A pilot scheme that encourages people to drop off old and unused golf clubs at their local golf course, which are then recycled, is so popular that it is already oversubscribed by venues. The project has also received government funding.
The Scottish-based pilot called garage2green is both reducing waste and making it easier for beginners to take up golf without having to purchase equipment.
Supported by Scottish Golf, the Scottish government and the European Regional Development Fund, it has been granted almost £56,000 from Zero Waste Scotland's Circular Economy Investment Fund.
Some of the clubs will be distributed to golf academies - encouraging new players to try out the game, while almost half of the clubs collected to date have been donated to charity Blythswood Care, which will encourage disadvantaged youngsters to try the game.
Clubs that are too worn to play with will be remanufactured or recycled, and garage2green founder Geoff Sampson, whose company Circulogic is behind the idea, is researching product development options to keep the materials in use and out of landfill.
"My vision for the service was borne out of having a pile of clubs in my own garage that I'd kept hold of, but never got round to passing on or selling," he said.
"The more people I spoke to, it became apparent that so many clubs just sit around unused, until people just want them cleared out of the way.
"Having worked in the waste and recycling sector for over 20 years I was keen to set up a practical service that supports re-use and remanufacturing.
"Thanks to Zero Waste Scotland's Circular Economy Investment Fund my idea has become reality and on a bigger scale - without the funding garage2green may never have got off the ground, so it seemed only right that Scotland, the home of golf, should be the place to start. My hope is that the pilot is well received, that we can engage the wider golfing industry and that we can build a sustainable business model enabling future expansion."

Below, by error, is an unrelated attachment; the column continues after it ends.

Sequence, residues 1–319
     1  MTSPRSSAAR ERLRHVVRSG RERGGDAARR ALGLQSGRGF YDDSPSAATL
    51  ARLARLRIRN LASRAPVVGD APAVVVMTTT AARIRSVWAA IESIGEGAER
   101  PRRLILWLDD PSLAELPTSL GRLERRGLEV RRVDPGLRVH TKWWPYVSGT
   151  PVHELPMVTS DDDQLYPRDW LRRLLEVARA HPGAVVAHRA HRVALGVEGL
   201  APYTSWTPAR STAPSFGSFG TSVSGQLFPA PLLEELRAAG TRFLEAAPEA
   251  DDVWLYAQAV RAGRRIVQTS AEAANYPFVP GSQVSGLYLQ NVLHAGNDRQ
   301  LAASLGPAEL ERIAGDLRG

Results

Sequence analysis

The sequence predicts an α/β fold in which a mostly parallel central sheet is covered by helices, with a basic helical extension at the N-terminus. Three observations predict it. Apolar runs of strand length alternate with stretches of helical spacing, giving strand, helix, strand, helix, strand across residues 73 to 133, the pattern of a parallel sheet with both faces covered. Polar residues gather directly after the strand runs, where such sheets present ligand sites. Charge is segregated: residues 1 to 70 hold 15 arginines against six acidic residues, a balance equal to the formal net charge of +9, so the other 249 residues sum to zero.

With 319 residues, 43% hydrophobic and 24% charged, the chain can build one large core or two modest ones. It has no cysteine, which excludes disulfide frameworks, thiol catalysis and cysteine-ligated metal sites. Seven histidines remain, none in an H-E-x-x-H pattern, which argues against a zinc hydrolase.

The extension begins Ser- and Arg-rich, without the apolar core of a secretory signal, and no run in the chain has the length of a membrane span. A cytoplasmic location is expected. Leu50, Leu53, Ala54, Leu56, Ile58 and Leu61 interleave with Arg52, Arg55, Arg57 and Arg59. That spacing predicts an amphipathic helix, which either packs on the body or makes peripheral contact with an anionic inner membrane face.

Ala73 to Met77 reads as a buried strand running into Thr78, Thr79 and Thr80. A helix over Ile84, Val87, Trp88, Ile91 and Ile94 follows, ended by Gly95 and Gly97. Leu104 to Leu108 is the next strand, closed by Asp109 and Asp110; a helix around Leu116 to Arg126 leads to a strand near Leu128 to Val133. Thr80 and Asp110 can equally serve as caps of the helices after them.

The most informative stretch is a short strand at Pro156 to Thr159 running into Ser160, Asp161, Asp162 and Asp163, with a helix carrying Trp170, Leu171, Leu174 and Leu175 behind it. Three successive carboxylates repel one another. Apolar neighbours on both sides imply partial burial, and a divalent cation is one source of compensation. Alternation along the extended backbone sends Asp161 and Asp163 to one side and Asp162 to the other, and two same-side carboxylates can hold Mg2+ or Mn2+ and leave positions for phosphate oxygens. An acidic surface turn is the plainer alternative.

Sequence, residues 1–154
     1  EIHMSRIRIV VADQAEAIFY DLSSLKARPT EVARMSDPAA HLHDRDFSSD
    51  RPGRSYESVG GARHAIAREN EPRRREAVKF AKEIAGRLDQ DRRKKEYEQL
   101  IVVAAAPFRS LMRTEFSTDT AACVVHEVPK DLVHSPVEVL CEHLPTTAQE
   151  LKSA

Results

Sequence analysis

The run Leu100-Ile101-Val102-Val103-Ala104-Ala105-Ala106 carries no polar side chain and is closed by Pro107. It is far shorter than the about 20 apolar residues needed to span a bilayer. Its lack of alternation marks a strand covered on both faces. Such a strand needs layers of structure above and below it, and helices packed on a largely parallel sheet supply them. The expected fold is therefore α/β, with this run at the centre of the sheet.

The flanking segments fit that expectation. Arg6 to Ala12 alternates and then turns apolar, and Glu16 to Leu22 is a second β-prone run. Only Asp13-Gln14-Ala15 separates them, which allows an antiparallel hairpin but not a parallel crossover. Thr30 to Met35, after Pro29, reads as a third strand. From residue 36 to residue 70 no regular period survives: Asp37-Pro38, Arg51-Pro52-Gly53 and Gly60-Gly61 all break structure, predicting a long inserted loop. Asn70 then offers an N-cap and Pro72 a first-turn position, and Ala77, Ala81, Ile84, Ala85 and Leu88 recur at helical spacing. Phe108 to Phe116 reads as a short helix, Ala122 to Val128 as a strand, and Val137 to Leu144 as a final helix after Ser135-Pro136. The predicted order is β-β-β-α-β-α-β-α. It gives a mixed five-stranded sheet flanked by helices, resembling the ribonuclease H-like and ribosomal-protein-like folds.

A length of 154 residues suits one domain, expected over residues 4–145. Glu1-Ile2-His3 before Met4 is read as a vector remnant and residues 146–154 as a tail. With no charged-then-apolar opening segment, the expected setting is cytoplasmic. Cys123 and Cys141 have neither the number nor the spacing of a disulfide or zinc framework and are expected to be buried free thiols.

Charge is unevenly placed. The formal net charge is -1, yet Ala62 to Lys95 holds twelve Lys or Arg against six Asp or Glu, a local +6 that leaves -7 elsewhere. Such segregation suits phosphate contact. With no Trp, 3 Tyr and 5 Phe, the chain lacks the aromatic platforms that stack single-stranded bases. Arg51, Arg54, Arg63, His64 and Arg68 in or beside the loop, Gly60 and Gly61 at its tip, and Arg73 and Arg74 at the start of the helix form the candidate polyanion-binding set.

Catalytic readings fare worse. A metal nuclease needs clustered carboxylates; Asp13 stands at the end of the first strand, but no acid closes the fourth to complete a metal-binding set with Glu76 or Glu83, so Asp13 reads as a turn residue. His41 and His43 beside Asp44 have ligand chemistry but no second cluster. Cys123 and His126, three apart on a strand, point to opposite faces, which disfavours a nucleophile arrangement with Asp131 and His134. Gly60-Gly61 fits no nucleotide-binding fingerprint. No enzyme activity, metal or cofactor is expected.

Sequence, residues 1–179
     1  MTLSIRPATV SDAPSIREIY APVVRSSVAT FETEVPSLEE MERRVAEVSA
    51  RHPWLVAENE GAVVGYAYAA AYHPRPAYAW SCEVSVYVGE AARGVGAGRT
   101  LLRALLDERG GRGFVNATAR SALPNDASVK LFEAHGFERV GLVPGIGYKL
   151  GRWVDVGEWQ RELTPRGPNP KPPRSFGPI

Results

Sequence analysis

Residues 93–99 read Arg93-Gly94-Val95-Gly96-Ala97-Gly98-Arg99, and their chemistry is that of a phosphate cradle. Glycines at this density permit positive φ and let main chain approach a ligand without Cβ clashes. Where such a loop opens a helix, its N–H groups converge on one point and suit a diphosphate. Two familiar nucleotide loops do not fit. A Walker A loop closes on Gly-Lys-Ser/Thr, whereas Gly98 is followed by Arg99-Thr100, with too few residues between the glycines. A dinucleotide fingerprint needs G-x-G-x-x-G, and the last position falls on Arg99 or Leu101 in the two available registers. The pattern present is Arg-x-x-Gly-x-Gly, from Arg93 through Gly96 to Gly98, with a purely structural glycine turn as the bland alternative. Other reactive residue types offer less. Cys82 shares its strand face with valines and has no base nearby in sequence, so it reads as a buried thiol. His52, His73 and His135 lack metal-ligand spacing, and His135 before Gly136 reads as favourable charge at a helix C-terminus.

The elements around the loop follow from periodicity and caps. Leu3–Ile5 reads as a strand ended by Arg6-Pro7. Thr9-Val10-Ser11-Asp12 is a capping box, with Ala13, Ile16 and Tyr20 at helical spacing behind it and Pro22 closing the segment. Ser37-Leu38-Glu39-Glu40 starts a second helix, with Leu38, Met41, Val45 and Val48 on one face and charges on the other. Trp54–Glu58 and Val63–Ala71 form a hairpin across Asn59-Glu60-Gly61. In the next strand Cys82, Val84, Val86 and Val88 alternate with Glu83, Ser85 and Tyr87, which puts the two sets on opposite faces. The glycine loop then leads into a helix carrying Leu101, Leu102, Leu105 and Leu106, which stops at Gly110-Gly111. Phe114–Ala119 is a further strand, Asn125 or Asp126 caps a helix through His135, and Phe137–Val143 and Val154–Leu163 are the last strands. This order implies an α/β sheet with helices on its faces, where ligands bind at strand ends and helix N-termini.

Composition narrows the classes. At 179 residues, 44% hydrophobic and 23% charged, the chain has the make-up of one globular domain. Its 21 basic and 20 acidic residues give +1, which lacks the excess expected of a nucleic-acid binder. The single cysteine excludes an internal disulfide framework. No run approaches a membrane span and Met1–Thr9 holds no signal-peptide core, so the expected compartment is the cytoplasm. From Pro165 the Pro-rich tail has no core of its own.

One of the priorities for the pilot is to assess the materials in the reclaimed golf clubs, which would decide suitability for remanufacture. Options identified so far include bespoke lighting and furniture using carbon fibre shafts and remanufacturing and recycling options for the rubber grips.
Iain Gulland, chief executive, Zero Waste Scotland, said: "garage2green is a great idea to tap into a wasted resource - in every local street in Scotland there's likely a few garages or sheds that have a set of golf clubs that have been forgotten about.
"Not only will the pilot divert valuable resources away from being dumped in landfill, and create potential remanufacturing opportunities here in Scotland, it may help make a set of clubs more affordable and encourage new players into the sport."
The pilot is seeing containers located at golf courses for members and visitors to donate unwanted golf clubs to the scheme. There are 14 golf clubs that are currently participating, and they include Castle Stuart, Haggs Castle and Royal Dornoch.
Carolyn Hedley, Scottish Golf's environment manager, has led the recruitment of golf clubs for the pilot. She said: "I am delighted with the enthusiasm shown by clubs to be part of this pilot scheme, so much so that we are oversubscribed at this time. Scottish Golf is keen to promote resource efficiency within our membership and I'm excited that our clubs can be part of such an innovative recycling project and contribute to the circular economy."
Royal Dornoch is one of the participating clubs
Ian Matheson, head of operations, Blythswood Care, added: "Blythswood has collected donated golf clubs from the public and recycling centres for many years. This project is helping to gain understanding and so realising further material value opportunities for second hand golf clubs.
"This scheme means unused golf clubs will now do more rounds again on Scottish golf courses."